Zinc Supplements Lower Weight And Triglycerides In Obese Men And Women

Zinc supplements lower weight and triglycerides in obese men and women

Zinc supplements lower weight and triglycerides in obese men and women

Friday, December 20, 2013. An article published this year in Advanced Pharmaceutical Bulletin reports the findings of a randomized, double-blinded trial which revealed a weight loss and triglyceride-lowering benefit for zinc supplementation among obese men and women.

Sixty participants between the ages of 18 and 45 years were divided to receive 30 milligrams zinc gluconate or a placebo for one month. Weight, waist circumference and body mass index (BMI) were determined, and blood samples were analyzed for serum zinc, lipids and fasting glucose levels before and after the treatment period.

In their discussion of the findings, authors Laleh Payahoo and colleagues of Tabriz University of Medical Science in Iran remark that the dose of zinc used in the study was higher than the Institute of Medicine's Dietary Reference Intake level of 8 to 11 milligrams per day. Although no significant changes were observed in lipids and fasting blood glucose among those who received zinc in the current study, they note that higher doses and longer periods of zinc supplementation have been suggested as a therapy to lower triglycerides as well as total and low-density lipoprotein (LDL) cholesterol. Possible mechanisms for the results observed in the current research include a role for zinc in appetite suppression, a protective role for the mineral against an obesity-promoting mutation, and improvement of insulin sensitivity and insulin resistance.

"The results of this study indicated that one month supplementation of zinc gluconate (30 mg/day) in obese male and female adults resulted in a remarkable reduction in weight and BMI indices as well as an increase in serum zinc concentration," the authors write. "To the best of our knowledge, this was the first study in the region that investigated the effect of zinc supplementation on obese adults in both genders and it can be considered as the strength of the study."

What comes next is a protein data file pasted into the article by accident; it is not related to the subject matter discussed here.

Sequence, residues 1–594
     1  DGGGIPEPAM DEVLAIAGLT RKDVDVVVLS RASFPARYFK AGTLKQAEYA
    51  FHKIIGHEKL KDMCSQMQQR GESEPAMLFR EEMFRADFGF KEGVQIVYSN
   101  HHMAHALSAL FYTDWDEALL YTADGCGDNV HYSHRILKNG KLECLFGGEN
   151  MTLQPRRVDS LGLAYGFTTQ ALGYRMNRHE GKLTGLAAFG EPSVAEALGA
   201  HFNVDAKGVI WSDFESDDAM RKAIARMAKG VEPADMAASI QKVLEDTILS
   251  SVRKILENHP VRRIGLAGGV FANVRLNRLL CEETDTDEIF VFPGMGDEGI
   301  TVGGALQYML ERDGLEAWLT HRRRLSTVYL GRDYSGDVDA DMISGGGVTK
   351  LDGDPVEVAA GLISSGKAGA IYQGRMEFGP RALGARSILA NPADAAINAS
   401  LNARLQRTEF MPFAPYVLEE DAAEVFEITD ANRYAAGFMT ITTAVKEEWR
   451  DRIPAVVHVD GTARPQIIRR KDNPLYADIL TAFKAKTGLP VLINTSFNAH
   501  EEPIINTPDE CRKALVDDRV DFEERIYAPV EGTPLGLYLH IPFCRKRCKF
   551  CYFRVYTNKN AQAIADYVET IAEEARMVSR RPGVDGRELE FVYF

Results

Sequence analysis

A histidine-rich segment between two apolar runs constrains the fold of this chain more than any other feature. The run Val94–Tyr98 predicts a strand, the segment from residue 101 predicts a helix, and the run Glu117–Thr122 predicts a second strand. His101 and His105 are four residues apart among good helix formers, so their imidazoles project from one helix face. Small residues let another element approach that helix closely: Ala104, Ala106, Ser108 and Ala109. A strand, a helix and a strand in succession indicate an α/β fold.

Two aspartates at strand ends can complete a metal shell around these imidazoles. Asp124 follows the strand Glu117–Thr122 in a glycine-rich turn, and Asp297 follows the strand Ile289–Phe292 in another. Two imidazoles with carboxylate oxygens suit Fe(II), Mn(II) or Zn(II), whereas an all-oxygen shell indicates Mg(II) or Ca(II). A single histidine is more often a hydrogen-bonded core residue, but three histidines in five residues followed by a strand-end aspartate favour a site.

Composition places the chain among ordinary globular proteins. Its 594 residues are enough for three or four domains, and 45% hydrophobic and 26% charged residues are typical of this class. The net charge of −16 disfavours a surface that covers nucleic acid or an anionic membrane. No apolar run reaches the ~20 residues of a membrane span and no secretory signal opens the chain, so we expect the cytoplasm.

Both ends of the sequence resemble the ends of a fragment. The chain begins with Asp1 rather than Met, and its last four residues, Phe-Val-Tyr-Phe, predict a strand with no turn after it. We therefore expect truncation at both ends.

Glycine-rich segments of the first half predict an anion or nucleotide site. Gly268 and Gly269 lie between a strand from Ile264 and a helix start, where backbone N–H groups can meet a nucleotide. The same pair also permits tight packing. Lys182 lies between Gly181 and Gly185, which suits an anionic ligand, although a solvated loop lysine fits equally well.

"It can be suggested that increasing the period of intervention and determining the safety and effectiveness of doses of zinc supplementation be considered in future studies."


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"Healthy obesity" questioned

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The results of a review and meta-analysis published on December 2, 2013 in the Annals of Internal Medicine suggest that so-called "healthy obesity," characterized by an obese body mass index (BMI) in the absence of adverse metabolic features such as disordered lipids, elevated blood glucose or hypertension, is not as healthy as was once believed.

Researchers from Mount Sinai Hospital and the University of Toronto selected twelve observational studies that included a total of 67,127 subjects for their review. Studies included those that evaluated all-cause mortality and/or cardiovascular events, BMI, and metabolic status as defined by the presence of metabolic syndrome components. While normal weight, overweight and obese subjects that were considered metabolically unhealthy had an elevated risk of mortality and/or cardiovascular events in comparison with metabolically healthy subjects over the course of the studies, those who were metabolically healthy but obese had a 24% greater risk of dying from all causes over ten years or more of follow-up compared to metabolically healthy normal-weight individuals.

"These data suggest a model in which excess weight is associated initially with the development of subclinical metabolic and vascular dysfunction that ultimately leads to an increased incidence of cardiovascular events and mortality over the long term," Caroline K. Kramer, MD, PhD, and her coauthors write. "In this regard, previous reports that evaluated metabolically healthy obese individuals over short-term follow-up or that compared these individuals to control groups not fully characterized for cardiovascular risk might have contributed to the concept of a 'benign obesity' phenotype that is not associated with adverse outcomes. Our results do not support this concept of 'benign obesity' and demonstrate that there is no 'healthy' pattern of obesity."

The authors of an editorial published in the same issue of the journal remark that physicians should focus on treating the obesity in the same manner as any other chronic disease that requires long term treatment.

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